But still I visit Canberra regularly, weekly in fact, and a hump-day highlight is careering through the rolling back-road Southern Tableland landscape, listening to music (the latest Frightened Rabbit has been getting a good run, which make me laugh in this context – the road’s awash with roadkill) and when I cross the border into the ACT it’s always a joy, a hopeful joy.  Because to me that’s what Canberra is about: the future, and how we can craft it anyway we like, even as a society we can do this.  We can honour the past, live in the Brindabella-boundary present – if you’ve never been around to see snow on those ranges then you’re missing the quintessential south-east Australian experience – but keep eyes open to move forward.  It’s this youthfulness that I admire about Canberra – how my own youth once became a kind of ‘manhood’, whatever that is – and the unashamed optimism.  And the fact that many of my friends still live there.

And that perfection might not be so unattainable afterall.

Betwixt and between.  It’s a wonderful phrase, partly because it sounds so good, all that alliteration and rhythm and balance, and partly because of its meaning – neither one thing nor the other, somewhere between the two.  Grey is a good example: it’s neither black nor white.  And Grey is my middle name, and I’m telling you the truth, so being neither one thing nor the other has been etched onto my DNA.  But what exactly am I between?  I’m between the old and the new, I’m between old age and youth – I’m stuck in the middle.

Increasingly, just like most people, I’m spending more and more of my life on-line, running websites, writing blog posts, handling a weekly avalanche of emails.  And then there’s Facebook and Twitter, those necessary evils if you’re trying to make a go of a creative career and there are people out there who want to know what’s happening.  It’s all very stressful, isn’t it, juggling these digital balls, making sure you don’t miss something important, even though 99 percent of what’s on the internet is…well, let’s not go into that.  But there are joys, it has to be said –someone who regularly comments on my blog, someone I’ve never met in person, sent me a book to read, a real book, it turned up in my letterbox.

Speaking of my letterbox, something else miraculous turned up recently.  A postcard.  An actual postcard!  On the back were handwritten sentences about a trip to a rehabilitated clay mine in Cornwell, followed by fish and chips overlooking the water, we just hope the weather holds for our canal-boat trip starting Monday.  What really caught my eye, however, was the correspondent had correctly addressed my house: she’d used my house’s name: Leitrim.  Yes, my house has a name, because it’s an old place, 1890s, high ceilings, picture-rails, a Hordern and Sons coal-burning fire, and leadlight windows.  I adore it, I really do.  Slowly I’m filling it with old furniture – my guilty pleasure is spending Sunday afternoons scouring shops selling secondhand goods in the hope that I can find something beautiful I can afford, like a chair, or a piece of cast-iron.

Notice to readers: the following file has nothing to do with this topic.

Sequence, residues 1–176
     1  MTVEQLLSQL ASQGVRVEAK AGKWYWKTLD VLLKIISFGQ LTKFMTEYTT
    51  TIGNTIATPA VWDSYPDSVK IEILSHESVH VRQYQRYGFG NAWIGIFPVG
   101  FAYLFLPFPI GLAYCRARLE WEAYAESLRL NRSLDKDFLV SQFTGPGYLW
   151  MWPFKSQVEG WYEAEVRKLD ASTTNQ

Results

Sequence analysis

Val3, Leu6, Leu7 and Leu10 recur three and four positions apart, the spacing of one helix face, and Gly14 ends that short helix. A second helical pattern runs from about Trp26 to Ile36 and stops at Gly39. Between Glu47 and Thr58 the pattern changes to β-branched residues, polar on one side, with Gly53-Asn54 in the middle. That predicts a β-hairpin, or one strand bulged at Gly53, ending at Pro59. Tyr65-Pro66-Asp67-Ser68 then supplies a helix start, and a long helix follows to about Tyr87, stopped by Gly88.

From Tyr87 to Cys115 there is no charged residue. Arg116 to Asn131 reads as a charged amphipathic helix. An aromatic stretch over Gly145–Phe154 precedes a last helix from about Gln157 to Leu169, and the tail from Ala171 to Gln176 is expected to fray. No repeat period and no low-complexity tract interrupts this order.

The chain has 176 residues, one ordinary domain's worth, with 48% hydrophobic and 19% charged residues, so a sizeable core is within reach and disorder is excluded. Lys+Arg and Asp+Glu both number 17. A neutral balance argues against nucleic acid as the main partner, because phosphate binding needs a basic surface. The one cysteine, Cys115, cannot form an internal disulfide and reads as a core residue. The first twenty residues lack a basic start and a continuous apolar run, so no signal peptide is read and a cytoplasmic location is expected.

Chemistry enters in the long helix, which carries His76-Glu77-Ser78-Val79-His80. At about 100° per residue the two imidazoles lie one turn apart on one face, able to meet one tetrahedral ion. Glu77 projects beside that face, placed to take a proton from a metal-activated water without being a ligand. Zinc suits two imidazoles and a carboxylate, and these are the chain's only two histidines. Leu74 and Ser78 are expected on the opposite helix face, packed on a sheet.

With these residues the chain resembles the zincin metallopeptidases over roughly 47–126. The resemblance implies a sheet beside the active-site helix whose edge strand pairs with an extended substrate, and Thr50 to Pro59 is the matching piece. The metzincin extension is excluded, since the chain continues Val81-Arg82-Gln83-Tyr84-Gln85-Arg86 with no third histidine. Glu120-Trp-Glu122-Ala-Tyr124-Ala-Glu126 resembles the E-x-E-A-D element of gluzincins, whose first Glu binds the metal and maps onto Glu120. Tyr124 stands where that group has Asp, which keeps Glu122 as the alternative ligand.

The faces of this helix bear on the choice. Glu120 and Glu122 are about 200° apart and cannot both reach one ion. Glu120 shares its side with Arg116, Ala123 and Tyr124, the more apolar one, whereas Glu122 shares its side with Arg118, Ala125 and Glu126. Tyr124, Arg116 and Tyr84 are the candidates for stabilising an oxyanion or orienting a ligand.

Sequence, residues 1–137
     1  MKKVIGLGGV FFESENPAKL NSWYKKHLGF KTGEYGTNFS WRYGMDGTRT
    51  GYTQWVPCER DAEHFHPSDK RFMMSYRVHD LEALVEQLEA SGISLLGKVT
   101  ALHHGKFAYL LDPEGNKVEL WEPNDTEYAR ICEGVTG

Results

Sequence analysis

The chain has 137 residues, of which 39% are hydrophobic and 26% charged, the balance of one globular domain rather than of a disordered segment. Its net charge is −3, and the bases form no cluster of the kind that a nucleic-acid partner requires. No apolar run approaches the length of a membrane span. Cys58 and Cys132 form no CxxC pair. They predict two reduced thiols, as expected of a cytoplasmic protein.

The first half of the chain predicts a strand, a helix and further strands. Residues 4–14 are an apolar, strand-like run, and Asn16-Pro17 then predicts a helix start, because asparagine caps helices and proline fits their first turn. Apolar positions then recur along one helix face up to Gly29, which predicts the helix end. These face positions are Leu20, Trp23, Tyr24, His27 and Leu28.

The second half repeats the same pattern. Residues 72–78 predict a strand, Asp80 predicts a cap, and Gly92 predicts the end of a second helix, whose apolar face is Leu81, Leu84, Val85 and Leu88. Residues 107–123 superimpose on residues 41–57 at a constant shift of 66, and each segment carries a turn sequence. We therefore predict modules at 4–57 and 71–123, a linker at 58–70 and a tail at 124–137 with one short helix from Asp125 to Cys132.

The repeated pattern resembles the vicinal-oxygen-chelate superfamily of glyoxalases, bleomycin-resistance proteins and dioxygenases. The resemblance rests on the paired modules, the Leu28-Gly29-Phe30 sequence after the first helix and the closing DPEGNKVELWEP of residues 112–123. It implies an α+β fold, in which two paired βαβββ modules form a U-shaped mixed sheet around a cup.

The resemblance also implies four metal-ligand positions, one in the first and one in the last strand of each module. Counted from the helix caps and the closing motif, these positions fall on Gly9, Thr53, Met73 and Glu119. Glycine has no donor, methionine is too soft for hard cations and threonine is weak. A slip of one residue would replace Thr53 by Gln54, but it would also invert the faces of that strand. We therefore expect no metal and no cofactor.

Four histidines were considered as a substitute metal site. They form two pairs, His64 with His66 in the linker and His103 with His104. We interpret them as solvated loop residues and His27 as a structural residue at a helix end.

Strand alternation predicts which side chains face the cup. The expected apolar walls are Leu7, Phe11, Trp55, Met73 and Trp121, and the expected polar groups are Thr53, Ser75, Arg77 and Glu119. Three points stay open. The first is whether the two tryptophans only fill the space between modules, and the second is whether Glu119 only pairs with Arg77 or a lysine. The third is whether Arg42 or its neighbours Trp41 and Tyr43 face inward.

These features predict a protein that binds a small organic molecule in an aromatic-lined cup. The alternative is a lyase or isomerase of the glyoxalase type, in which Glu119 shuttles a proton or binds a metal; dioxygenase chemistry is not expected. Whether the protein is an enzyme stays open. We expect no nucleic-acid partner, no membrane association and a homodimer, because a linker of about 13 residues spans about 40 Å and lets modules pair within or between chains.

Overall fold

But still this house is where I update my Facebook status and send tweets.

Betwixt and between indeed.

(First published in Panorama, The Canberra Times, 28 July 2012.)

It’s a small space, just ten metres by ten metres, approximately, of course, there’s no point being accurate about these things.  Open the back door and you step into it, out there, a cast-iron doormat beneath your feet.  To your left is a small nook, terracotta pots of geraniums beneath the bathroom windowsill, lattice covering the Colourbond fence, plastic terracotta half-pots screwed to the lattice (plastic only because real terracotta would be too heavy), some type of sedum clinging on for dear life in the pots.  At the feet of the lattice is the narrowest of garden beds, bulbs emerging, grape hyacinth from memory.  Also on your left is a Koppers-log shade structure covered in potato vine – smothered is a better word.  It protects the kennel for The Old Lady of the House and Cat the Ripper’s food-and-water station.

But come up the path, do.

Now you’re in the guts of it, the cottage garden proper, though it’s winter so it’s looking worse for wear, it’s the frosts, and the wind, always the wind, because it’s relentless.  On your left is a small veggie patch beneath the clothesline, the patch packed down with lucerne bought from the stockfeed supplier up the road, strawberry plants growing amongst it all.  A timber bench at one end – it’s here that I drink coffee or tea, sit in the sun, watch the chooks, and let my brain empty.  The chook run, painted deep red and a faded kind of light green to match the house, the roost half-covered in potato vine for shade in summer.  A grey concrete stepping-stone path leading to the back gate; the gate’s  flimsy so it’s secured with an old chain.  And the single-car corrugated iron garage, though it’s more like a shed, no door, a lean to the whole thing but somehow it’s weatherproof.